Fringe Box



Dragon Interview: New Ash Councillor Outlines The Challenges The Village Faces

Published on: 12 Jan, 2023
Updated on: 13 Jan, 2023

Richard Lucas

By David Reading

Long-time Ash Vale resident Richard Lucas has been co-opted on to Ash Parish Council following the resignation of Cllr Helen Gorham.

Cllr Gorham stepped down on November 29 just hours before a meeting was due to be held to decide if she should be disqualified for failing to attend over a six-month period. She had moved to Wiltshire in 2020 with her husband, also a parish councillor, but the couple controversially remained in post.

Because of the timing of her resignation – within six months of the May 2023 elections – there was no opportunity to hold a by-election and so the council advertised for a replacement.

Richard Lucas was the only candidate, and at the council’s meeting on January 9 he was co-opted.

The new parish councillor has no political affiliations. He has lived in Ash Vale for 26 years and is married with three children of his own plus a foster daughter, all of them in their twenties.

We put six questions to Cllr Lucas, who represents Ash Vale Ward, as a way of introducing him to the residents of the parish.

What was your career?

I retired from a full-time job about 18 months ago, when I was the managing director of an electronics design consultancy based in Southampton. All of my career has been in electronics and communications equipment, most of it with multinationals. I now work part-time as a business lecturer at Farnborough Tech.

My wife is still working – she is the financial controller for the Guide Dogs charity.

Could you provide a brief account of your present activities?

I am chairman 1st Ash Vale Scouts Group, a long involvement that started when my son became a Beaver many years ago.

I have also been actively involved with the Sunflower Café – a networking and support group for people from Ukraine. We ran this from the Scout Hut, obtaining support from local organisations such as St Mary’s Church and Guildford Borough Council’s community wellbeing team.

Although we still run some English language lessons, the main activity has tailed off as our guests have become settled and got jobs. I still spend time helping out with local Ukrainian friends.

I am also an active member of Ash Tennis Club, where I have occasionally played for the B team, and of the Basingstoke Canal Canoe Club, where I race in the bottom division in C2 Canadian canoes. I am a qualified canoe/kayak coach, and all of the Scout boats live in my back garden, backing on to the canal.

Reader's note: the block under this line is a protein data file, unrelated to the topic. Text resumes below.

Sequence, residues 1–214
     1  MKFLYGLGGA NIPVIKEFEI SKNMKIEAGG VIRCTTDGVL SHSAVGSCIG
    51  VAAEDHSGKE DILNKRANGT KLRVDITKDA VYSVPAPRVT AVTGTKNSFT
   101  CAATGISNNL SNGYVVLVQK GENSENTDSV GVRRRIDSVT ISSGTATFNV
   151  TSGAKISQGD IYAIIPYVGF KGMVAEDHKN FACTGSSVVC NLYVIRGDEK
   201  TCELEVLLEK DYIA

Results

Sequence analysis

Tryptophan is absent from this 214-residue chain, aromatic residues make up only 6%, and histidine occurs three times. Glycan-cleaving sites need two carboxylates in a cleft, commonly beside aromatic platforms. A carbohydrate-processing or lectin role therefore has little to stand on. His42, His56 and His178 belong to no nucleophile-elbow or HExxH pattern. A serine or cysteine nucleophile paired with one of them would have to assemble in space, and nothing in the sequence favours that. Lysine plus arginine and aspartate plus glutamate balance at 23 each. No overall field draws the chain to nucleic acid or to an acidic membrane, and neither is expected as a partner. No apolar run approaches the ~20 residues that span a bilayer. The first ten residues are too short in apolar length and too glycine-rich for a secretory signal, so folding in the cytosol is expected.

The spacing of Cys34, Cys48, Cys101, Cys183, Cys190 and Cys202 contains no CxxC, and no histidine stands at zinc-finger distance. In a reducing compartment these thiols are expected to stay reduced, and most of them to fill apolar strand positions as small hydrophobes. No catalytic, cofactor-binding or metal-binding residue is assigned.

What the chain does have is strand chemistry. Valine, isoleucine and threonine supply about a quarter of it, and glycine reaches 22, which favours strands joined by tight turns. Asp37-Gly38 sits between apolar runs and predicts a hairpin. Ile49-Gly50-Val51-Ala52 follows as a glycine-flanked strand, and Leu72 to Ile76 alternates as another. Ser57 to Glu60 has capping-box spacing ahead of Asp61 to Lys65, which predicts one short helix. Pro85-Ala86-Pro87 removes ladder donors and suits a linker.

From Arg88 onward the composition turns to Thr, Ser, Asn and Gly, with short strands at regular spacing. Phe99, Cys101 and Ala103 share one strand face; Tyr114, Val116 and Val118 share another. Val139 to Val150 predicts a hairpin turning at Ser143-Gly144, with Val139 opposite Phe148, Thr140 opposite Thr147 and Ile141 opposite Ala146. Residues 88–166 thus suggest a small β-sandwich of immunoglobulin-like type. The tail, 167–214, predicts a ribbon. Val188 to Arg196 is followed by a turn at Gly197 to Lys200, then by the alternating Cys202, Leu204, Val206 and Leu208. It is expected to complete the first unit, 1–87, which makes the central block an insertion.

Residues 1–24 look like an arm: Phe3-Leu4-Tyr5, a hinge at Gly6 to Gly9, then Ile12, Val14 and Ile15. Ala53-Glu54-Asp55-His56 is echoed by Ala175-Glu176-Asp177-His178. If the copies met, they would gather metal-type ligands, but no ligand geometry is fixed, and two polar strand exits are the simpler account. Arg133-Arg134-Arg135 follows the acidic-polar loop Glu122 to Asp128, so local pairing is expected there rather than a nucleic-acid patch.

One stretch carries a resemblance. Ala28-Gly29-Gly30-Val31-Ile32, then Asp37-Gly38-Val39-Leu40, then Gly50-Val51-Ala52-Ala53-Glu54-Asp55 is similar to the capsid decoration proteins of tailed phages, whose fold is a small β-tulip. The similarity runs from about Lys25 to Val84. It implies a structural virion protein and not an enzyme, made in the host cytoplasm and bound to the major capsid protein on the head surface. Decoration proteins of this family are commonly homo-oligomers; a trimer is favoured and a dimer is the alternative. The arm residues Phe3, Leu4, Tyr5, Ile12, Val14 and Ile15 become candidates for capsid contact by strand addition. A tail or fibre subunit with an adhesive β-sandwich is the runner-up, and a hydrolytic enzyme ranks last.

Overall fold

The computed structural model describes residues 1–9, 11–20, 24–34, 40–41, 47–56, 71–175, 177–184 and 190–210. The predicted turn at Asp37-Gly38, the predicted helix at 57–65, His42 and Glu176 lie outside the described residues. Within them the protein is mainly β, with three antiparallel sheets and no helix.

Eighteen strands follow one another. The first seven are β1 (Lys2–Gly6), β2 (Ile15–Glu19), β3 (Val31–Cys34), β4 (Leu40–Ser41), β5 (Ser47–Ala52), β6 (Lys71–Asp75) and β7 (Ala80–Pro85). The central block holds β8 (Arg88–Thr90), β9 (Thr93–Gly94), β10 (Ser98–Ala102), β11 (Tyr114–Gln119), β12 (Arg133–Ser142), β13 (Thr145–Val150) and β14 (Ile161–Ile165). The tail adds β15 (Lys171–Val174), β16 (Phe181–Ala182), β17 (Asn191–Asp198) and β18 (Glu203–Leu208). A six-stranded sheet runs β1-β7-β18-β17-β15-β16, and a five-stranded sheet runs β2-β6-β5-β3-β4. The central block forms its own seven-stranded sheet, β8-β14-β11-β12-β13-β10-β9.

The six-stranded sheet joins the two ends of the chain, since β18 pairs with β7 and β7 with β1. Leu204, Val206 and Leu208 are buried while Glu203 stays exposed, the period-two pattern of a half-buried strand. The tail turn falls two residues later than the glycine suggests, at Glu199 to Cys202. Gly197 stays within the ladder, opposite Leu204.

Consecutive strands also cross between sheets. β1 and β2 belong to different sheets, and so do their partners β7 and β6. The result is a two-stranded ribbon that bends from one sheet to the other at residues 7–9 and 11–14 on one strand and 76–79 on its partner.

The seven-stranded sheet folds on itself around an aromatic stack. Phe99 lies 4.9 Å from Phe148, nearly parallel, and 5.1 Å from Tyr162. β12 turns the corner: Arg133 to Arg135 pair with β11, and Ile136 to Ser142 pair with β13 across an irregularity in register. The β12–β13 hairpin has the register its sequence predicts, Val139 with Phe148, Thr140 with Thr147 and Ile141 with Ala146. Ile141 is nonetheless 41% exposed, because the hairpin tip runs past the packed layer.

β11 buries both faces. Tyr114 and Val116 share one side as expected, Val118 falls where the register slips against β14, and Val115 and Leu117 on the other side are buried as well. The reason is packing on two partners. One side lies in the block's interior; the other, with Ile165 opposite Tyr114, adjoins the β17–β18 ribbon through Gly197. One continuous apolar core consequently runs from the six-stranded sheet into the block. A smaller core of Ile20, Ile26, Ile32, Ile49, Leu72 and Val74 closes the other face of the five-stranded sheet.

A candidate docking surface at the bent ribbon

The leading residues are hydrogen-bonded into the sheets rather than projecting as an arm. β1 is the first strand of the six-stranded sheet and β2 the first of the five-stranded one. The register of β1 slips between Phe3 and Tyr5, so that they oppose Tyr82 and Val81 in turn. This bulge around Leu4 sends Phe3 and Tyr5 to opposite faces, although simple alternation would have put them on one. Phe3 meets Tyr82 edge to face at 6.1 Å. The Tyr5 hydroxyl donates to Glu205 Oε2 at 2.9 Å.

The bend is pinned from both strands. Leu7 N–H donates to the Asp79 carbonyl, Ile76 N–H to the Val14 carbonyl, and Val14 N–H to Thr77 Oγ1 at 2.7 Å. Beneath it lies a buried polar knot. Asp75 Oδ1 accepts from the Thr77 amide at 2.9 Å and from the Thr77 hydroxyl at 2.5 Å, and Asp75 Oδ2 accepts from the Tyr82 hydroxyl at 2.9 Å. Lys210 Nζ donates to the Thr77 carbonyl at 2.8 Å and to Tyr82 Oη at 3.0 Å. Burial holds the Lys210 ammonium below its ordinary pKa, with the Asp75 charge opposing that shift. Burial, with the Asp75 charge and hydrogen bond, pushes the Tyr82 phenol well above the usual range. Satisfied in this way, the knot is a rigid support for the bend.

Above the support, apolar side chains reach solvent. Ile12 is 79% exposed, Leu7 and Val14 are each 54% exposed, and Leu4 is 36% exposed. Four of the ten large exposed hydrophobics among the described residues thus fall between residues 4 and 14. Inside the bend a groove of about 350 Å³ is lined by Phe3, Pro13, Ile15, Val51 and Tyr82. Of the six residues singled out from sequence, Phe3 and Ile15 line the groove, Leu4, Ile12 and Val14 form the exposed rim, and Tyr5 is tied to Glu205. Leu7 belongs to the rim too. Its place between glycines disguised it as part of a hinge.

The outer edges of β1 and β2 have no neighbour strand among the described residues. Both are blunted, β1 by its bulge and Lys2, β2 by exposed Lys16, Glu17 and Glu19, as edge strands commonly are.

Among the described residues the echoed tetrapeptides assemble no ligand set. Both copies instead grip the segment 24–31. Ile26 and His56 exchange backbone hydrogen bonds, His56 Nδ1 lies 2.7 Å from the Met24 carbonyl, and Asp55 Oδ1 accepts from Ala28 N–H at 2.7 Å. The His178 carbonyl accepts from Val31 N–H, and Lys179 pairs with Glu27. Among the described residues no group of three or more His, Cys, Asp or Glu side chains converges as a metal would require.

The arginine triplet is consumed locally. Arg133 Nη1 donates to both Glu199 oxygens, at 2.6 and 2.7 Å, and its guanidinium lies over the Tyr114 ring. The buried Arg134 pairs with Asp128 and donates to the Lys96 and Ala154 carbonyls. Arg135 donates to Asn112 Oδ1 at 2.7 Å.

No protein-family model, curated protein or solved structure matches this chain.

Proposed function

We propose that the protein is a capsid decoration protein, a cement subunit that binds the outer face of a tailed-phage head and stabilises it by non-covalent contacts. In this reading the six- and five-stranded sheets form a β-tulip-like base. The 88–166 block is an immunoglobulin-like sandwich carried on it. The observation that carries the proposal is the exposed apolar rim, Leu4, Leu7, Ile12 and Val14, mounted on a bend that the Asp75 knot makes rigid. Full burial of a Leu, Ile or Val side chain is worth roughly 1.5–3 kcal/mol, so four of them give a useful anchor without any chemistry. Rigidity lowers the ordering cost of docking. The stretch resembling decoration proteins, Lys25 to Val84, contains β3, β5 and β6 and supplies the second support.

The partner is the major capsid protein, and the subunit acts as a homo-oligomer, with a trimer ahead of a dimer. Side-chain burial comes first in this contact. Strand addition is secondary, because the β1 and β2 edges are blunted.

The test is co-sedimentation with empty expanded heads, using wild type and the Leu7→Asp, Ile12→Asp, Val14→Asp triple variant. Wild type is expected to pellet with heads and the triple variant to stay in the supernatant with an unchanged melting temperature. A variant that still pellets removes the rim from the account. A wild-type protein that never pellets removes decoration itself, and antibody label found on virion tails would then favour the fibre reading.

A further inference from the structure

Do you have a background in politics? What role do you feel party politics plays, if any, in parish council matters?

I have no background in politics, and do not feel that party politics are particularly relevant to parish council matters. The issues are local. We also need to work with people from borough, county and national level whatever their political persuasion.

What do you consider to be the problems faced by people in Ash and Ash Vale?

The main local issues that I am aware of are:

  • Difficulty in getting GP appointments.
  • Issues relating to the pharmacy in Ash Wharf.
  • Disabled access to the railway station.
  • Anti-social youth behaviour.
  • Youth facilities. This covers both the inactivity of the Community Youth Centre and the dilapidated state of the Scout Hut.
  • Cost of living and warm hubs – particularly for elderly people living alone. While St Mary’s Church community café does a sterling job for a couple of sessions a week, more facilities are needed, and secular ones in particular. Closure of the Shawfield Day Centre is an issue here as well.
  • Access to the Army ranges, which was curtailed at the beginning of lockdown in 2020.

How do you feel the challenges faced by Ash can be addressed by the parish council?

I am new to the parish council and don’t pretend to know how we can solve all of the various problems. I do feel strongly that the community needs facilities and activities that bind it together, particularly for our younger and elder members.

If we let all of these decay – fencing off open land, closing day centres, closing community centres, letting the Scout Hut disintegrate – then our local area will just become a dead commuter zone with high levels of disaffected and antisocial behaviour and lots of misery.

On a more positive note, in the last year, I have witnessed several things that have really impressed me.

One was the local response to the Sunflower Café, which has been inspiring – things like our local tennis coach, Will Wheeler, organising special sessions for Ukrainian kids last summer to help them get some sense of normality after fleeing a war zone. There have been many more contributions.

I was also impressed by the responses to the Scout Hut rebuild proposal. I read every one of the 460 responses, and was truly gobsmacked by the depth of feeling and community spirit. This sort of community spirit is inspiring and worth fighting for.

Do you plan to stand at the May 2023 elections?

One of the reasons I put myself forward for co-option to the parish council is that it gives me an opportunity to see how the council works, and see if I can contribute meaningfully to our community via the council. I will then decide whether or not to stand for election in May. I will seek feedback from other members of the council.


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